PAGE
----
He’s not that guilty


The Hill wrote about it last week, and today Politico adds to the chatter that House Minority Whip Eric Cantor’s (R-Va.) star is dimming:

Yet six weeks after the stimulus vote, Cantor finds himself at least momentarily on the defensive, the result of unforced errors, squabbles with other party leaders, a Democratic push to label him “Dr. No” — and the indignity of having his name appear in print next to the words “Britney Spears.”

No one thinks Cantor is in serious trouble, and there’s a real possibility that not a single House Republican will vote yes on Obama’s $3.6 trillion budget.

But the GOP’s meteoric star has slipped a bit this month — and his enemies couldn’t be happier.

Nancy Pelosi’s allies joke about Cantor’s ambition, saying it’s exposed him to what the speaker often describes as a “hedge clipping” — Washington’s ritual lopping-off of any political head which peeps too high above the rank and file.

“Snip, snip,” said one Democrat staffer.

“His potential is to push the GOP in a new direction and help it compete with 40-and-under voters, two generations that the Republicans are at risk of losing wholesale,” says Democratic consultant Dan Gerstein. “But so far, he’s firing nothing but honeysuckled blanks.”

Cantor’s office did not respond to repeated requests for comments. But other Republicans say that writing off Cantor is just wishful thinking by Democrats hoping to knock off a dangerous adversary.

Interestingly, it notes that the only Jewish Republican in the House lost one intra-party battle in which he was probably correct:

Tensions within Republican leadership came to a head late last week in a tactical spat between Cantor and Republican Conference Committee Chairman Mike Pence (R-Ind.). The two split over Pence’s plan to put out an abbreviated budget “blueprint” on Thursday to respond to Obama’s claims that the GOP had no alternatives.

Cantor, according to House Republican staffers, wanted to wait until Ryan, the ranking member on the House Budget Committee, produced a more detailed budget alternative with dollar estimates from the Congressional Budget Office.

In the end, Boehner backed Pence — and the GOP leadership gathered for its press conference. The leaders were widely mocked for handing out a sketchy 19-page document short on details. Cantor slipped out of the press conference early but joined the other leaders in a closed-door meeting afterward to sort out their differences and present a united public front.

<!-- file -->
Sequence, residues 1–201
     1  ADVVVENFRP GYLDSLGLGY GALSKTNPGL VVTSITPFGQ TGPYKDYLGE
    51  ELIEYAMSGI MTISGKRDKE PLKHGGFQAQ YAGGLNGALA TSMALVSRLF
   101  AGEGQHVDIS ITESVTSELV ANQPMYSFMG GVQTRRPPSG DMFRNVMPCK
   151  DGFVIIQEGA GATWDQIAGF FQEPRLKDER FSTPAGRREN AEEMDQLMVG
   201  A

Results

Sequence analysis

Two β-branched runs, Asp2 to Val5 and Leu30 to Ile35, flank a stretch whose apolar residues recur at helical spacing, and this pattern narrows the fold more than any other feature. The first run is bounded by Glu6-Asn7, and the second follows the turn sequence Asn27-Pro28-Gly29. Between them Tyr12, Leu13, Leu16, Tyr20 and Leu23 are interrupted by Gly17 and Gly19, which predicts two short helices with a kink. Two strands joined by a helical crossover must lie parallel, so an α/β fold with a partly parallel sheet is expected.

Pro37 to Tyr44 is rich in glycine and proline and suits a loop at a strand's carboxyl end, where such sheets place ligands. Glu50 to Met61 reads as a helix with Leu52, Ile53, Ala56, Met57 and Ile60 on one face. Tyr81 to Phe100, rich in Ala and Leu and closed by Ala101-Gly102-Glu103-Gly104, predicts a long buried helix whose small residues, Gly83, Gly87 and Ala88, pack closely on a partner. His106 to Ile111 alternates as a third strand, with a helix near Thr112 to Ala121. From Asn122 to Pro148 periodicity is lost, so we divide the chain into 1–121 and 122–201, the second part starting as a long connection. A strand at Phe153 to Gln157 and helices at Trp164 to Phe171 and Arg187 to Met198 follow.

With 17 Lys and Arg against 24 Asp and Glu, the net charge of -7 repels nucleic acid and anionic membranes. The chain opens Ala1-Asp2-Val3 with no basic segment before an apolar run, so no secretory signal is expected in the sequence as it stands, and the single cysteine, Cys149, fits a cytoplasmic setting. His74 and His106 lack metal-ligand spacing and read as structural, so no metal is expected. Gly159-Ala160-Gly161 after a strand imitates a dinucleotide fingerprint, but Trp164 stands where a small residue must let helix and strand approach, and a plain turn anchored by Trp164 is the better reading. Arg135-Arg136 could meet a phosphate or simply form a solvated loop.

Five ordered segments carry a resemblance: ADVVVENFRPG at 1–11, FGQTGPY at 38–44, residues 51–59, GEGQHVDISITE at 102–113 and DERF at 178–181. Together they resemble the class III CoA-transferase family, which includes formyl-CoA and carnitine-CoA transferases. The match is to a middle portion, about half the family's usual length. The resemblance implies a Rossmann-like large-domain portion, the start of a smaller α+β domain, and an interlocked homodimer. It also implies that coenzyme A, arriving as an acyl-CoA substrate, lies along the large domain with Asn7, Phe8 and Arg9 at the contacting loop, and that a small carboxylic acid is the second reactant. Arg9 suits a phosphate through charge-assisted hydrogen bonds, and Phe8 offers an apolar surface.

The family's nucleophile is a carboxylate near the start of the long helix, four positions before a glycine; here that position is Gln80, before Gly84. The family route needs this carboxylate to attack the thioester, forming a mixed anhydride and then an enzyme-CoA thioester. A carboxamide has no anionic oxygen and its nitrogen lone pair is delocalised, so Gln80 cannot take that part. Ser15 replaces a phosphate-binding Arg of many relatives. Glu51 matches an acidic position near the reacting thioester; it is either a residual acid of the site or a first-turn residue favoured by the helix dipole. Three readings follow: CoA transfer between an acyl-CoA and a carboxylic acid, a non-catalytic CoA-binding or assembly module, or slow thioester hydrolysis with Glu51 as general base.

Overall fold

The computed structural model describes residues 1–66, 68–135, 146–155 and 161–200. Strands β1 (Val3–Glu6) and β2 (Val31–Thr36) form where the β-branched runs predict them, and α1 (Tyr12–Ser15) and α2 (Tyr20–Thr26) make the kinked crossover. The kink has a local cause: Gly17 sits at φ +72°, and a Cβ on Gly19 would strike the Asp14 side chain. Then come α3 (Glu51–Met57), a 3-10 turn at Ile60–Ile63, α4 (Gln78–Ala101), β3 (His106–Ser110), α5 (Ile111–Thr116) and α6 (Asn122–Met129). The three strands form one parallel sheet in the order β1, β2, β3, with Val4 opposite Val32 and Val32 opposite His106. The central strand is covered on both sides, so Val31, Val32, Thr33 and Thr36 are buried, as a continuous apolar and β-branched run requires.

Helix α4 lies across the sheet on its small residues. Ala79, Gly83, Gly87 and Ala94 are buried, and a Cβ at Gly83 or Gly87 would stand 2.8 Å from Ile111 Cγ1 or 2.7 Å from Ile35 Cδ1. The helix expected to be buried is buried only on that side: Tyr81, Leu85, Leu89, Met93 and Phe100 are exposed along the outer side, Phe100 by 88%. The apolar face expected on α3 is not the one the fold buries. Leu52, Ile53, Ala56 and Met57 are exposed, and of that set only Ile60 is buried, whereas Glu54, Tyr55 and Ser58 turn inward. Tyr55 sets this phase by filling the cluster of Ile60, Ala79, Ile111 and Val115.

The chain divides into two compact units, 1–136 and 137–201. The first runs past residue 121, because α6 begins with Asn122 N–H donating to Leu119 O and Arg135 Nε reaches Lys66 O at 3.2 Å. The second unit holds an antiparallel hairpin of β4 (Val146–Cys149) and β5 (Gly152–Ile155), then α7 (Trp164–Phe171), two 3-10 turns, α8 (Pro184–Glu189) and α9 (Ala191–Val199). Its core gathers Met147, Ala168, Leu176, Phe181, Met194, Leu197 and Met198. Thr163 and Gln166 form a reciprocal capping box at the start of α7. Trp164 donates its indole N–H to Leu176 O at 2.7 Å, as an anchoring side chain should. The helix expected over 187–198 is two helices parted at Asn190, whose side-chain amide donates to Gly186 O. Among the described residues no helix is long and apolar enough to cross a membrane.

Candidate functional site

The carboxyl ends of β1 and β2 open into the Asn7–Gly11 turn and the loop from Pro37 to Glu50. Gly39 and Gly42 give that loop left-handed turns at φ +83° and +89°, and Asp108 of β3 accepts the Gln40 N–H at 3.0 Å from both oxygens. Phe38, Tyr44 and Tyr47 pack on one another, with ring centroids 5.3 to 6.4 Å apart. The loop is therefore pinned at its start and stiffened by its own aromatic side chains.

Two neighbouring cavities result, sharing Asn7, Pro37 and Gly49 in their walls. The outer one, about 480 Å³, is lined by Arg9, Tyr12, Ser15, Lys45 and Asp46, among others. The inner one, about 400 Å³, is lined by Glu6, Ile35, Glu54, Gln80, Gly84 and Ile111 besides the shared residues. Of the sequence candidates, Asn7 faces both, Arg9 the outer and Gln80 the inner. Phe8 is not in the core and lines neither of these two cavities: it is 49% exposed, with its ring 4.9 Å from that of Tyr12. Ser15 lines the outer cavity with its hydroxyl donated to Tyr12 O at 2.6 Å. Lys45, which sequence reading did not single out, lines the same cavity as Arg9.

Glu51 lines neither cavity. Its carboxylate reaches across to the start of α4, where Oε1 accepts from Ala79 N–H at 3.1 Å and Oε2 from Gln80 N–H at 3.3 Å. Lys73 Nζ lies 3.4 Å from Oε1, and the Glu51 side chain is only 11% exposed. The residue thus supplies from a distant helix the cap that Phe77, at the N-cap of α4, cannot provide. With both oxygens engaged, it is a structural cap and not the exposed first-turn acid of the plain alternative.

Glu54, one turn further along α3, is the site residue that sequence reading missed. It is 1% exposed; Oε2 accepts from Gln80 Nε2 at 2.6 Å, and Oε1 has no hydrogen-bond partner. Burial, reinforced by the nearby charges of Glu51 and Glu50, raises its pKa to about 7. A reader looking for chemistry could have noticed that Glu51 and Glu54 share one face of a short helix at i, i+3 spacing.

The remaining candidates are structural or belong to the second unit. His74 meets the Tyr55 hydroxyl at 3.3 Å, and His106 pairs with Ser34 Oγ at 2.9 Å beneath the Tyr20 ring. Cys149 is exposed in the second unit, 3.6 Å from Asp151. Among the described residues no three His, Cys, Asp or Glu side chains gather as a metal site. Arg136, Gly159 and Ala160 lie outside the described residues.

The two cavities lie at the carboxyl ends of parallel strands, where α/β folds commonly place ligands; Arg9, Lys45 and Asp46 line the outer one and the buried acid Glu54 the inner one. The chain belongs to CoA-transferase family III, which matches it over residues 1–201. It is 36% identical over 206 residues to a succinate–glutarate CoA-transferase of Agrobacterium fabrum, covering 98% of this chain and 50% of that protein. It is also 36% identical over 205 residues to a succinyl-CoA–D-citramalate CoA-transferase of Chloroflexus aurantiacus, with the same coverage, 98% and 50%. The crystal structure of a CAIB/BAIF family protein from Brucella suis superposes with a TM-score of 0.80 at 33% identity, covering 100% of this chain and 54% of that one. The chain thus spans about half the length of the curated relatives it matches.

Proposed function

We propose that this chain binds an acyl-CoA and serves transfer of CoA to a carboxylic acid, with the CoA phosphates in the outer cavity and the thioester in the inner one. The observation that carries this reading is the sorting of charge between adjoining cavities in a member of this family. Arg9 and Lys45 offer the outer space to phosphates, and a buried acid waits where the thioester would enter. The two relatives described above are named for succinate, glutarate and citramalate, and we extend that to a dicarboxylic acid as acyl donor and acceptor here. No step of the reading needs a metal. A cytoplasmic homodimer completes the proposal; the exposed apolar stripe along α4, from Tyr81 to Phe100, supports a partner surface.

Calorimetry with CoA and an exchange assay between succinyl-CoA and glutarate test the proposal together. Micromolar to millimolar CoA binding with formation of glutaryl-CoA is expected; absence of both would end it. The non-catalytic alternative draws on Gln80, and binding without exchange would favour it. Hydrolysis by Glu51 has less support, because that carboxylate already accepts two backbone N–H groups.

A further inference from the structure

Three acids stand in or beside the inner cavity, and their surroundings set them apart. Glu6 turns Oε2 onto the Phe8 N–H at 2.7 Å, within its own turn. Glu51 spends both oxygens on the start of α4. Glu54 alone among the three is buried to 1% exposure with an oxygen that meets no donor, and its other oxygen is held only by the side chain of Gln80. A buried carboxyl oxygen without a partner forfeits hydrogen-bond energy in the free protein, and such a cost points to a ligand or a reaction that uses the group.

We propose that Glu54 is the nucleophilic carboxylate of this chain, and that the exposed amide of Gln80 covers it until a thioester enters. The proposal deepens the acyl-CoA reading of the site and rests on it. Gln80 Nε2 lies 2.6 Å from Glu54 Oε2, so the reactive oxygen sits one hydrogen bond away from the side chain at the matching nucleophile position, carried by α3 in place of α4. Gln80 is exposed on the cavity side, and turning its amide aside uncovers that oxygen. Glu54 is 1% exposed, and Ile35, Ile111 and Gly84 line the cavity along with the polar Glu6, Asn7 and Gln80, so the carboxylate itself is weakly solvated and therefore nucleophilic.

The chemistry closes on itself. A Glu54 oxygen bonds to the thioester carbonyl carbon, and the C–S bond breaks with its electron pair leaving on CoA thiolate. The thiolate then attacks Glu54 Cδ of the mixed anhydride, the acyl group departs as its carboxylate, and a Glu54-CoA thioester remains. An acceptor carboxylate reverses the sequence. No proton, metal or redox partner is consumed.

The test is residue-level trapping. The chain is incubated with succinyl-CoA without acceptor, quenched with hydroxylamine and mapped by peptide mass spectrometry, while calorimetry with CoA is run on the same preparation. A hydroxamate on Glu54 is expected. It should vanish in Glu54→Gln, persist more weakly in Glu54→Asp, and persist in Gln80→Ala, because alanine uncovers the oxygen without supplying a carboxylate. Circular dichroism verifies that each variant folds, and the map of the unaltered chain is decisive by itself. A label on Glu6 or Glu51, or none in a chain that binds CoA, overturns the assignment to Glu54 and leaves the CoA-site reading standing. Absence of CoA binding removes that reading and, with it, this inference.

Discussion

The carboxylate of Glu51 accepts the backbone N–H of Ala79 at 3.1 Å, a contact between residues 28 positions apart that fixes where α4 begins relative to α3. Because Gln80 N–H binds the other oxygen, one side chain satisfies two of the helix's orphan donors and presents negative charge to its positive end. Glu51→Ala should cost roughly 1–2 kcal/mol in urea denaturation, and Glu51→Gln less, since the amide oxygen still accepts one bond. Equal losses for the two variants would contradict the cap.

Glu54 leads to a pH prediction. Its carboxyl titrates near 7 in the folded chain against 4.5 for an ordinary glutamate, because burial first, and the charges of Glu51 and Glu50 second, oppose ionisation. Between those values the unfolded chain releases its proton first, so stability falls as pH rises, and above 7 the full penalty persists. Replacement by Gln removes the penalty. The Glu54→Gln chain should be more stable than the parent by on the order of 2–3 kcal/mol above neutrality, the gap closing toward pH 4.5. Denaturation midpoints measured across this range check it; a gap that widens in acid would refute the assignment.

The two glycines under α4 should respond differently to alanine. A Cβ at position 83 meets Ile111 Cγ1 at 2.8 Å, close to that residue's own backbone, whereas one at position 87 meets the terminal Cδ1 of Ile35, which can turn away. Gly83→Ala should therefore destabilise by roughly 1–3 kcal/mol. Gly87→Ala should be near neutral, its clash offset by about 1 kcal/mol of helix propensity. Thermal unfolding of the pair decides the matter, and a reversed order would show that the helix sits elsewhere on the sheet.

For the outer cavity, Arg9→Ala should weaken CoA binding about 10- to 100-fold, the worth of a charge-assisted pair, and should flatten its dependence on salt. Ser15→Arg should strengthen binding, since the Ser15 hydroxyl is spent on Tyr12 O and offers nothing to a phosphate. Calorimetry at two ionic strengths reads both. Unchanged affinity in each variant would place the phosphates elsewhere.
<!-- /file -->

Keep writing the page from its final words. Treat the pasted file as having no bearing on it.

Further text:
What caught my eye, though, was this passage:

Meanwhile, Wonkette was reporting that Cantor spent the night of Obama’s Tuesday prime-time news conference at D.C.’s Verizon Center, attending a fundraiser held during a Britney Spears concert.

Cantor tried to laugh off the episode, telling interviewers he enjoyed the show but that his daughter was “angry” she wasn’t invited.

He bristled when NPR’s John Hockenberry asked him if his appearance was intended as a snub of Obama, saying, “I don’t know why that’s an issue whatsoever. There was a concert, and I had a political event at that concert. Look, that is why I was there.”

“It seems trivial, but it’s not,” says one GOP operative. “He’s a serious guy; he’s competent and credible, and that’s what his reputation is based on. That Britney thing undermines him.”

"A snub of Obama?" You’ve got to be kidding. If this was the State of the Union addresss or another speech to a joint session of Congress, yes. But this was a presidential press conference, to which Congress wasn’t invited. Furthermore, the Obama press conference was only scheduled a week earlier, while Britney’s concert — and I presume the fundraiser — was planned months earlier. I’m sure Cantor set his DVR.

Actually, though, to me the fuss over this smacks of snobbiness over musical taste. Sure, the idea of Cantor being a Britney fan seems a little odd. But if Cantor or any other member of Congress had spent the night of Obama’s presser at a Bruce Springsteen or U2 concert, would anyone in the media portray that as a "snub" of the president? Of course not — they’d just say that he had gotten the tickets months before and some things were more important than politics. And they’d be correct. Just because Cantor may enjoy Spears’ music (and lip-synching), it should be any different?

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